I have to say at this point no problem at all with this type of challenge, so please don’t think this blog is going to turn into an ‘evil of drink’ rant. I’m actually t-total due to medical reasons so I don’t actually drink alcohol in any form – not even in cakes and puddings! – yes I know I must be difficult to cook for!. I’ve thought about embracing this challenge idea for my viewers etc, but I feel that asking for a £20 donation to drink a whole glass of water or a mug of tea doesn’t quite have the same impact! I also have to have a very strict diet as well, so the chance of me eating chillis or hot sauce from a spoon (a challenge I saw Hybridpanda do) is also not going to happen…maybe if I offer to eat a whole biscuit – would that bring in the viewers do you think? 🙂

The more I venture into the world of streaming and video making, the more I realise how ‘different’ I am. I often thought I was very geeky and would almost ‘fit into’ the streaming sphere, although even now it would appear that I am different from the ‘usual’ streamers that inhabit the platform. Yes, this uniqueness might attract a certain group of followers although it could also make my stream and channel a minority within a minority, something which is never helpful for marketing and advertising. My target still exists and I spend many hours thinking about how I could actually ‘encourage’ people to my channels. Maybe I should actually try my version of the alcohol challenge – chug a mug (of water) and see what happens…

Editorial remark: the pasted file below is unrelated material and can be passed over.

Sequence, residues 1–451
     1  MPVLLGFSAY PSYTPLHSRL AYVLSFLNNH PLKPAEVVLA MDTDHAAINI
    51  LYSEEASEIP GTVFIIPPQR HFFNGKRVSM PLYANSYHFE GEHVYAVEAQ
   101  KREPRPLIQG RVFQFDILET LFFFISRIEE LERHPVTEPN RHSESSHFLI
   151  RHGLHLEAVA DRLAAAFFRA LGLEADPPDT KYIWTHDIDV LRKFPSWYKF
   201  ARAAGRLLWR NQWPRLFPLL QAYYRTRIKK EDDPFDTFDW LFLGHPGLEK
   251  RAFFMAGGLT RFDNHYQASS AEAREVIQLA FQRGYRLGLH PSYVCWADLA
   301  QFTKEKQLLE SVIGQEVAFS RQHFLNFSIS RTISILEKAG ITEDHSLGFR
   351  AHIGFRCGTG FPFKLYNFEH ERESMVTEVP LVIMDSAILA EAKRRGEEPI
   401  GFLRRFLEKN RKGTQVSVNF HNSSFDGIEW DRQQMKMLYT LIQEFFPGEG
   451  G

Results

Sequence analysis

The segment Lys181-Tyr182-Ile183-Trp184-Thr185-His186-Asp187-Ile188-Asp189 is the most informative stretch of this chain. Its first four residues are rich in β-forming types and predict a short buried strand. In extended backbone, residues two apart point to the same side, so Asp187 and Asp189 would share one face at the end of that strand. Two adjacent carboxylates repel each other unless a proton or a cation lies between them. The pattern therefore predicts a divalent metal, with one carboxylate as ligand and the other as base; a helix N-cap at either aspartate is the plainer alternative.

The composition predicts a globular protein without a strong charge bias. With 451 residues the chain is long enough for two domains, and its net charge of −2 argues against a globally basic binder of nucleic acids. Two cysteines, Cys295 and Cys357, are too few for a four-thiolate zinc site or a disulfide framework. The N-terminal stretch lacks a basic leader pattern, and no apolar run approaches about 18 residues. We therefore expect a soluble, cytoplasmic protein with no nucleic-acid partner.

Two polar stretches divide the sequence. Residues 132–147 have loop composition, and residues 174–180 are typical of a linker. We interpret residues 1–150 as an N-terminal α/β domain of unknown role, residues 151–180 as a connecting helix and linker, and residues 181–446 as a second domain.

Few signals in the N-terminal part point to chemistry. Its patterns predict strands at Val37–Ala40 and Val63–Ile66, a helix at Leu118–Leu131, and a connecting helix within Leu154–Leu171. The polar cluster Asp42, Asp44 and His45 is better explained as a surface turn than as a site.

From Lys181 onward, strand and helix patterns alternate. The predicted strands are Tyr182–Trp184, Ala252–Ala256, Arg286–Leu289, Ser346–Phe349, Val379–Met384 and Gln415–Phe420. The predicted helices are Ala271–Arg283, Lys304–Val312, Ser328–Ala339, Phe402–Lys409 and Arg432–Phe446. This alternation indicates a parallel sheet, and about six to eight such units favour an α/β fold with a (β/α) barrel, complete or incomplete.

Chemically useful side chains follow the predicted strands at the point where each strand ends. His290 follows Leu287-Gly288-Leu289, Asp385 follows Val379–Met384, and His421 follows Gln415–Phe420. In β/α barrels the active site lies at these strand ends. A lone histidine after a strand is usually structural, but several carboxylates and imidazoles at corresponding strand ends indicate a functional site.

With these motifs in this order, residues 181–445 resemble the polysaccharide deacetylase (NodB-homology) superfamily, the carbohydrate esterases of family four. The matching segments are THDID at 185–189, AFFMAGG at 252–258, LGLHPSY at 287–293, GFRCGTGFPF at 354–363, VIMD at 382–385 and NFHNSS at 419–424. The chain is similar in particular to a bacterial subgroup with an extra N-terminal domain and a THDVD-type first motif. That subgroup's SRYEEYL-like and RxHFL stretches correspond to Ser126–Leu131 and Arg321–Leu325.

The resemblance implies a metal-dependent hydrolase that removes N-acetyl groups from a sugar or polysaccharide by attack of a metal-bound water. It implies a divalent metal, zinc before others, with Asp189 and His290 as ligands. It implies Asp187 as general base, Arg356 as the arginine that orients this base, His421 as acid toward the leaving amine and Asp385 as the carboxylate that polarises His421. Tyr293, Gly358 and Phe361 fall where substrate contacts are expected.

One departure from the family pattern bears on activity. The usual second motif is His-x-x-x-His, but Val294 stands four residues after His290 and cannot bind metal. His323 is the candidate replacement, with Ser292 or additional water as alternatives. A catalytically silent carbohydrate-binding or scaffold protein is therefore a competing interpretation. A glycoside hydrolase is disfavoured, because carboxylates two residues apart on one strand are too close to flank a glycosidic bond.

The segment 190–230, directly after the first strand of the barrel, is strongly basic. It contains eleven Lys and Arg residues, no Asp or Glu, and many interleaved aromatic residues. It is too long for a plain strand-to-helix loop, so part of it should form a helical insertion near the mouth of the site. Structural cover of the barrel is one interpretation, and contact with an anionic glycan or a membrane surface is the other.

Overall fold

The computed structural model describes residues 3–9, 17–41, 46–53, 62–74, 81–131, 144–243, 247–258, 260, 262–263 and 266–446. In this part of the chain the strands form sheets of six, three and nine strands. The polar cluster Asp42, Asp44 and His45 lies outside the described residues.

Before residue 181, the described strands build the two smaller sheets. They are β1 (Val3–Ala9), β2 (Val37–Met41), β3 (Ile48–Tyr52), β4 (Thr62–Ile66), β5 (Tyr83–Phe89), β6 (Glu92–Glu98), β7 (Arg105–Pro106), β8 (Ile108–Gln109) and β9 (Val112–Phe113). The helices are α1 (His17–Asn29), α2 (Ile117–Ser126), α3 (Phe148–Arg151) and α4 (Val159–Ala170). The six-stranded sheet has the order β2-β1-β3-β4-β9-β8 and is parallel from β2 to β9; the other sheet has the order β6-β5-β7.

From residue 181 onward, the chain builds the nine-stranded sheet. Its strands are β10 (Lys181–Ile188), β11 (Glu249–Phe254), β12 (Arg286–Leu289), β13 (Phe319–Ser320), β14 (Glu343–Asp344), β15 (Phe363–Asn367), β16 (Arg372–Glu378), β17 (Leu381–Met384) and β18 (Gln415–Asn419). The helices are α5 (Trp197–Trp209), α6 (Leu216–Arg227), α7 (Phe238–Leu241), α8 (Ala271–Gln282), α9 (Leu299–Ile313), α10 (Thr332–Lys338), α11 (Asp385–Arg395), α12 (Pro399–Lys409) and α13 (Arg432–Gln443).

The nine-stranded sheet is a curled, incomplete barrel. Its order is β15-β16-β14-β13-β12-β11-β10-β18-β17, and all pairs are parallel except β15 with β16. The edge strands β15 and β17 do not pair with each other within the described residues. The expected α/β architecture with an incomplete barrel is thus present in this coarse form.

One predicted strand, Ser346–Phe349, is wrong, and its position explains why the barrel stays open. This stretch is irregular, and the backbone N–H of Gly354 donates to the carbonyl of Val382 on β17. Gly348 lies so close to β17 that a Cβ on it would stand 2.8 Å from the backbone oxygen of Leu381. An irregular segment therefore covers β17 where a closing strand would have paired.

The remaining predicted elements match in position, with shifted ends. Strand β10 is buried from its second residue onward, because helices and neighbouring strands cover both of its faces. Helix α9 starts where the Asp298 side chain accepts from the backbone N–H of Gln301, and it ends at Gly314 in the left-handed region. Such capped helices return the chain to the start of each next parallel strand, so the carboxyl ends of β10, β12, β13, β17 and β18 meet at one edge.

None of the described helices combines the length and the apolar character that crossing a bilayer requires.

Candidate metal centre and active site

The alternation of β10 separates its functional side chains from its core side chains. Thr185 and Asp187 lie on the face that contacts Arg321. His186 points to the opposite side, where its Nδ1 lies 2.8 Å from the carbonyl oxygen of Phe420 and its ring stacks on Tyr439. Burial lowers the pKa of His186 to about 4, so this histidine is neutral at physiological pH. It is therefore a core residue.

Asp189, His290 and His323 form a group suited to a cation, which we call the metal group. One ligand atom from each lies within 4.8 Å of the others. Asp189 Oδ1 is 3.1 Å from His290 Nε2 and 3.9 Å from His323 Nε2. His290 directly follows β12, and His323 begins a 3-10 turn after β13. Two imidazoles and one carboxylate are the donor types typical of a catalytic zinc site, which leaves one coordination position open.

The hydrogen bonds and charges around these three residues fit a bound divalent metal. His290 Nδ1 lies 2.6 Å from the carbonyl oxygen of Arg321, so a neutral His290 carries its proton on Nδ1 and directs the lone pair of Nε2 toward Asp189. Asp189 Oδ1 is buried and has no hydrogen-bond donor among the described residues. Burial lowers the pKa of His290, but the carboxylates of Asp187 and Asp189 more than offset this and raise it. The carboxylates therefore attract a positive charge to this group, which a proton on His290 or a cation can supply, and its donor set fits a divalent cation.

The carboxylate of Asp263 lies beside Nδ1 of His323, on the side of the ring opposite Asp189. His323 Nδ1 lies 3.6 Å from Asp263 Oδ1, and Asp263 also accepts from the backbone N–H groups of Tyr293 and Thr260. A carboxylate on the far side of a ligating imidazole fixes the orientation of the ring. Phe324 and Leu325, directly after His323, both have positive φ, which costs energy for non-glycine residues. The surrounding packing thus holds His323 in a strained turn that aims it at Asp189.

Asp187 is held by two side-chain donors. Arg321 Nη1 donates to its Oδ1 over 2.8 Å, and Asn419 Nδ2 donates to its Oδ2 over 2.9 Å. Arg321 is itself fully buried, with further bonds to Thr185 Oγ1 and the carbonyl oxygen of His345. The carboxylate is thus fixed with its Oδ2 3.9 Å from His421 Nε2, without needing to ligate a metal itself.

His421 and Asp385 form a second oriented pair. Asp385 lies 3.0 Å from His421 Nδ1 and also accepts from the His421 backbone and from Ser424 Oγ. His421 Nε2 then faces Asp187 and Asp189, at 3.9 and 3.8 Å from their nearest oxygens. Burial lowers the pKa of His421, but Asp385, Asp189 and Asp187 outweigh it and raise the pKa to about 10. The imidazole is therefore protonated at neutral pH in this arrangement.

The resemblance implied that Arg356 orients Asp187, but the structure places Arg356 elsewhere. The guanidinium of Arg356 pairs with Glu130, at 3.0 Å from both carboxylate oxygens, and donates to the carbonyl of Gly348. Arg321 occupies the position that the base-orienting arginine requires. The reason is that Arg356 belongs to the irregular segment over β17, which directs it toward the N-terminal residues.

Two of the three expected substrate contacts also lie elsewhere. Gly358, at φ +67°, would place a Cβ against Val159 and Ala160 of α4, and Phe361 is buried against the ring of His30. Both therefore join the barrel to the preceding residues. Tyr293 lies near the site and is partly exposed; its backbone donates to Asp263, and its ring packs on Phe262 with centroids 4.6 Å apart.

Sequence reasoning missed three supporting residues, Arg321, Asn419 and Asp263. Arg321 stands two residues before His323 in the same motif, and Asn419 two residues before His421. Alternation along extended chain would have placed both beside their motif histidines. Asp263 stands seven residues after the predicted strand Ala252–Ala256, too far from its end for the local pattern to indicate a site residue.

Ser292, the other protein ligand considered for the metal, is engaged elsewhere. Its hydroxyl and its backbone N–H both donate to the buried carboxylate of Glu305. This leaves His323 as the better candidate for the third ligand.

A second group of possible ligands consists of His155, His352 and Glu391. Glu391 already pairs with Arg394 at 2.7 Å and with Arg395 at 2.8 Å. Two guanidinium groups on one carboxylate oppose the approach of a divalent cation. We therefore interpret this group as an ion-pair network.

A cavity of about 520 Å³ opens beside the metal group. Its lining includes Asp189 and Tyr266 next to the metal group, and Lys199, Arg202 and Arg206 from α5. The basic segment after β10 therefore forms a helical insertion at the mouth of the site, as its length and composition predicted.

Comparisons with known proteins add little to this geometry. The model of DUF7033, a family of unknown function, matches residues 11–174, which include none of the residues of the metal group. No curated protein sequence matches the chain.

You can keep up to date with my content by following me on Twitch, Twitter and Facebook. If you are interested in joining or playing Minecraft, then you can join the server and website here. Of course any subscribers to my YouTube channel are always appreciated.

2 comments for “Let Me In! – Simon’s Cat – YouTube

  1. February 19, 2017 at 2:00 pm

    Would be cool to play an one off, one of the dungeon crawls you made! Maybe the 8 level one!!!

  2. March 21, 2017 at 12:05 am

    I miss those early days so much. The current state of rpg’s , the rpg xubculture if you like, doesn’t feel like it did back then. I can’t quite put my finger on it.